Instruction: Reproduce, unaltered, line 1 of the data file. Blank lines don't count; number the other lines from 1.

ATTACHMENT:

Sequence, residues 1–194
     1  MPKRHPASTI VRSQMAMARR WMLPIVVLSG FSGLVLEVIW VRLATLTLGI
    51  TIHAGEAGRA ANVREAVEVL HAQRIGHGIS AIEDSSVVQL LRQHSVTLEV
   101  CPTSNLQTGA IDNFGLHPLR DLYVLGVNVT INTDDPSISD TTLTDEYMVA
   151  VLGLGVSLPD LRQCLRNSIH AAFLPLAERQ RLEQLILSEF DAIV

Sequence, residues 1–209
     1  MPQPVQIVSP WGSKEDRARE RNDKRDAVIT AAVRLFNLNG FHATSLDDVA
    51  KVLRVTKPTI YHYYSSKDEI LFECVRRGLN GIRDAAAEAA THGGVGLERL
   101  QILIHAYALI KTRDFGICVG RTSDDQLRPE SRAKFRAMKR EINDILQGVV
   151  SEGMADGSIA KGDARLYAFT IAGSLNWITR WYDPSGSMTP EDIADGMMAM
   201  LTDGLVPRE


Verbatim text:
Sequence, residues 1–194